As published on regulationasia.com, Friday 2 October, 2020.
A pilot climate stress testing exercise involving Hong Kong banks will commence early next year. A local green taxonomy is under development.
The HKMA (Hong Kong Monetary Authority) has published a feature article, alongside its half-yearly monetary and financial stability report, providing an update on the latest developments in its green and sustainable banking initiatives.
In the article, the HKMA says it is pushing ahead with its initiatives to address climate-related issues, support sustainable finance and promote green and sustainable banking.
Over the past year, a common assessment framework has been developed to measure the “greenness baseline” of individual authorised institutions. This has already been used to complete the first round of self-assessments by 47 authorised institutions.
The self-assessments found that about 31% of institutions had not started incorporating climate and environmental issues into their business process, and another 38% were in the midst of planning such efforts. The remaining 31% had already progressed to implementation or improvement – with large and international institutions taking the lead.
Though banks are starting to become more advanced in dealing with environmental and climate risks in their lending policies, data availability was cited as a major challenge in climate risk management. In addition, scenario analysis and stress testing were found to be major areas for development.
In June, the HKMA published a whitepaper on green and sustainable banking to outline its initial thinking on supervisory expectations, and in July, a range of climate risk management practices was outlined, based on observations at the more advanced institutions.
These actions were intended as a precursor to Phase II of the HKMA’s three-phase approach to green finance development in Hong Kong. The second phase will focus on the development of supervisory requirements on climate risk management for authorised institutions.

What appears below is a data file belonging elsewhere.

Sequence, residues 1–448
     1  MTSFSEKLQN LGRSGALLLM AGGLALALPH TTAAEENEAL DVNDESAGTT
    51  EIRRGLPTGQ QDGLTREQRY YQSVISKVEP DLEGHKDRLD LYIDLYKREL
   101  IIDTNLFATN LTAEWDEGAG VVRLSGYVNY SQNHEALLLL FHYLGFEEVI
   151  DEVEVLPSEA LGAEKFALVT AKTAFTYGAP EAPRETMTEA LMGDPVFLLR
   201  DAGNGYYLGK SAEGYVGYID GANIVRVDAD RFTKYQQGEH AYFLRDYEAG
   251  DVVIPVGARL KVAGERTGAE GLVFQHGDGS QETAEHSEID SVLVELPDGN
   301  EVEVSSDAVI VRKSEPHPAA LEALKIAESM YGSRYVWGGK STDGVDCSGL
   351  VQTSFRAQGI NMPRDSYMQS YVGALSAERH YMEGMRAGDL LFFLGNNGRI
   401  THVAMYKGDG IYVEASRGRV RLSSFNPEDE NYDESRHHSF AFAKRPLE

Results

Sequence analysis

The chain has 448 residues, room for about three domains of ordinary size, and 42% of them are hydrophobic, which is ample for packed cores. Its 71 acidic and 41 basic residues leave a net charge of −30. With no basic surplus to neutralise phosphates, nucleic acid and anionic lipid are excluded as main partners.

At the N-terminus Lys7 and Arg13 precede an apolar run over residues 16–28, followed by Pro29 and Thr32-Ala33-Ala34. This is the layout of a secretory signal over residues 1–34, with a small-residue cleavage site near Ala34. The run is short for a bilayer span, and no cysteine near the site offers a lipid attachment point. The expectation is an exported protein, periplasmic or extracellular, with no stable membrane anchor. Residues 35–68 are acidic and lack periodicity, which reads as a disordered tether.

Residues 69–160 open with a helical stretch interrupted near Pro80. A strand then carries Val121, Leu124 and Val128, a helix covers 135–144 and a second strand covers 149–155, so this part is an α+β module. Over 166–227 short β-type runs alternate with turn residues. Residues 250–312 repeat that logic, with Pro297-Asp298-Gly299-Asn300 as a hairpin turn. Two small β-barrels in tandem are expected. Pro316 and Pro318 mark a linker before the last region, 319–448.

The development of the supervisory requirements will take into account the “greenness assessment” results, feedback from the HKMA’s industry engagement, and international developments. The HKMA plans to consult on the supervisory requirements in the first half of 2021.
The HKMA is also exploring ways to facilitate authorised institutions’ management of climate-related risks and to grow green business. As part of these efforts, it plans to invite authorised institutions to participate in a pilot climate stress testing exercise (expected to commence in early 2021) to assess the resilience of the financial sector to climate risks.
Consultancy studies will also be conducted to review and address potential obstacles to the development of green and sustainable banking in Hong Kong, the HKMA added.
Further, the HKMA is working with local financial regulators (including the SFC) and government departments through the ‘Sustainable Finance Cross-Agency Steering Group’ – established in May 2020 – to study and address cross-sectoral regulatory issues and co-ordinate cross-agency market development efforts and capacity building.
Speaking at the HKIB Annual Banking Conference 2020 on Monday (28 September), HKMA Chief Eddie Yue said one of the first tasks of the Steering Group is to develop a local green taxonomy that would incorporate the harmonisation work currently being done by Mainland and EU authorities.
“The aim is simple: there should only be one local taxonomy for use by all financial regulators in Hong Kong,” Yue said.
The feature article also highlights the HKMA’s collaboration in the international community through the NGFS (Network of Central Banks and Supervisors for Greening the Financial System) and the Basel high-level Task Force on climate-related Financial Risks, among other fora.
“Our participation in international initiatives provides an opportunity for the HKMA to contribute to the central banking and regulatory community in addressing climate change and, in return, we also benefit from the experience and insights of other jurisdictions when developing our local framework,” the HKMA said.